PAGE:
Environment industries archive
Key departmental publications, e.g. annual reports, budget papers and program guidelines are available in our online archive.
Much of the material listed on these archived web pages has been superseded, or served a particular purpose at a particular time. It may contain references to activities or policies that have no current application. Many archived documents may link to web pages that have moved or no longer exist, or may refer to other documents that are no longer available.
Lee and Thomas Auto Electrics received a nasty surprise when it discovered that it had violated environmental regulations. An even nastier surprise was the $10,000 quote for installing a commercial separator to remove the offending oils and waste from the wash water it used on the auto parts it serviced. But the company staff put on their thinking caps and built an alternative system that met the regulations. It cost only $500, paid for itself in less than a year in materials savings and made everyone in the company feel better about eliminating an adverse environmental impact.
Lee and Thomas Auto Electrics specialises in auto electrical and air conditioning repairs to cars and light commercial vehicles. The company has a staff of nine and is located in Phillip, Canberra. The present owners have operated the workshop since 1986.
Following a fire in an adjacent bakery, ACT Electricity and Water (ACTEW) inspected Lee and Thomas’ premises. ACTEW advised the company that its wash tub and hose-down sink were not in compliance with ACTEW and ACT Environment Protection Authority (EPA) guidelines, and that unless the company changed the manner in which it washed and hosed down car parts, it could be liable for a hefty fine.
Lee and Thomas then looked at commercial separators installed in other workshops, which remove oils and waste from the water before discharging it into the sewer. After seeing the complexity of the plumbing involved with such systems, and having received a quote of almost $10,000 to have one installed, the company felt there had to be a better way to wash small parts such as alternators and starter motor components. A staff meeting was called and various ideas on how to solve the problem were discussed.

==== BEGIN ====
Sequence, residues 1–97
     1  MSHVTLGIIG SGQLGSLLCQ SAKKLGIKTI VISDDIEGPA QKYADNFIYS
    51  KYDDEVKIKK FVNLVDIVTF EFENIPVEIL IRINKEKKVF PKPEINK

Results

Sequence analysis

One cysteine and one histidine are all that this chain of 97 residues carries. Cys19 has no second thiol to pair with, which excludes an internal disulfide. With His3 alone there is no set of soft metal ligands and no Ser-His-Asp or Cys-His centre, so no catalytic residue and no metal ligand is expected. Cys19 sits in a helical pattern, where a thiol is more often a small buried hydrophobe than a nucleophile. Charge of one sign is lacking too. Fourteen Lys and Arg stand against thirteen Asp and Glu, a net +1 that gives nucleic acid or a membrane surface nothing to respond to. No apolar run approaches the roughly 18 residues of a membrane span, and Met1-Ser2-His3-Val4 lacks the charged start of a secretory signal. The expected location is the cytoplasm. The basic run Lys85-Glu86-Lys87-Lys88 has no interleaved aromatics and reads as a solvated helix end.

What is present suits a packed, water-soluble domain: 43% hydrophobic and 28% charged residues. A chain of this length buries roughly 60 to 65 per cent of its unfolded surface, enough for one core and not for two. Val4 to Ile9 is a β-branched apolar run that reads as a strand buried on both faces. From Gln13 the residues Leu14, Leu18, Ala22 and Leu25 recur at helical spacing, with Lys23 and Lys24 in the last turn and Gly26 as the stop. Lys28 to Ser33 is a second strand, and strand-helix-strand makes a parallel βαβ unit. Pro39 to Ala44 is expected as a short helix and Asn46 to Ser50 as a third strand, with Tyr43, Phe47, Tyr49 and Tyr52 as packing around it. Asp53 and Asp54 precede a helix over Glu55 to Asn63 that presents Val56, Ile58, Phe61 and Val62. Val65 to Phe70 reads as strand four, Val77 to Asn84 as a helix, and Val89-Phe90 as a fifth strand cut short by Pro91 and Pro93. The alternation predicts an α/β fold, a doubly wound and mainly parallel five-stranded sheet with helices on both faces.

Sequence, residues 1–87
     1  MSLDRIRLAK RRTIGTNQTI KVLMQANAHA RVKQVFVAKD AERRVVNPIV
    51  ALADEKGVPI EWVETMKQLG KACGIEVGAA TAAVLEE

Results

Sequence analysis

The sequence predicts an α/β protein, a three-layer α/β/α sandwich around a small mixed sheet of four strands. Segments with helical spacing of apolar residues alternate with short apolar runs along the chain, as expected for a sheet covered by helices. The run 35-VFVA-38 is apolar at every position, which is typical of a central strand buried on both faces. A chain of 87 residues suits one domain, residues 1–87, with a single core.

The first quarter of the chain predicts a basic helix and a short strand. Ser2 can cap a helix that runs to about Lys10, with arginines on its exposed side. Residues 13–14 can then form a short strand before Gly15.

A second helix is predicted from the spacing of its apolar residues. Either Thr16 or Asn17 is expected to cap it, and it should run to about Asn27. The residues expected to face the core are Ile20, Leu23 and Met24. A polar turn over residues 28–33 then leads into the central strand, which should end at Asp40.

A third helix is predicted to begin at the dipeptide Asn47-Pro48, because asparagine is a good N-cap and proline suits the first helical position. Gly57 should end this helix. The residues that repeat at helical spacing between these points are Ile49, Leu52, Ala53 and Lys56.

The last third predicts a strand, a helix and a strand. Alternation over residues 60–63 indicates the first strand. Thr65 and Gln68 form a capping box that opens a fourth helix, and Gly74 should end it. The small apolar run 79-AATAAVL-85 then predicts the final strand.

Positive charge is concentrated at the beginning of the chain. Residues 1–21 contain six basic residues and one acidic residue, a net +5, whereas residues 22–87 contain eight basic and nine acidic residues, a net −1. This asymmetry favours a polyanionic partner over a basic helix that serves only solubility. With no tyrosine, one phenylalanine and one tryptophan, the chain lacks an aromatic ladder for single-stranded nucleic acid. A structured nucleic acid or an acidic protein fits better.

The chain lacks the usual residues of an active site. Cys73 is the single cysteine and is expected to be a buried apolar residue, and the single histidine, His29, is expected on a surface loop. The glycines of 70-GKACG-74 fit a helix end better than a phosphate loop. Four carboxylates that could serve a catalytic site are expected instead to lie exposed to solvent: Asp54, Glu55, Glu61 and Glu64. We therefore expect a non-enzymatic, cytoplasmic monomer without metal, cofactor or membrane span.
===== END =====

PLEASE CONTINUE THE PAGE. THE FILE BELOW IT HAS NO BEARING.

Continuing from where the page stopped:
Lee and Thomas' primary aims were to:
The company tried a few ideas before arriving at a final design. It consulted ACTEW along the way to ensure the regulations were met.
The design put the washing and rinsing units side by side in one unit. The parts are first washed in kerosene just as they would be in a conventional parts washer. They are then transferred to the other half of the parts washer to be rinsed off with water before being air dried. The water is then transferred to a tank where it is separated from the kerosene. The kerosene is left to settle and is siphoned off from the impurities. The clean kerosene is then returned to the wash tank for reuse, and the clean water is left ready for reuse in the rinsing process. The kerosene separation process is performed each Monday as part of the staff routine.
The parts washer is being used with great success. Modifications are still being carried out to make it even more effective. The unit is self contained and can be moved easily.
The parts washer provides the following benefits:
The cost of building the unit was approximately $500 and incorporates some recycled materials. The savings made by not having to hire parts washing units (which had previously been the case), along with a reduction in kerosene purchases, has meant that the unit will have paid for itself after its first twelve months of operation.
Lee and Thomas were concerned to meet their environmental obligations but were also convinced that there must be a simpler, cheaper way of doing so. The common sense, cleaner production approach of reducing waste to benefit both the business and the environment provided the answer.
Lee and Thomas has continued to benefit from these initiatives. Although the company has since moved premises, the parts washer has been transportable.
It plans further development of the process.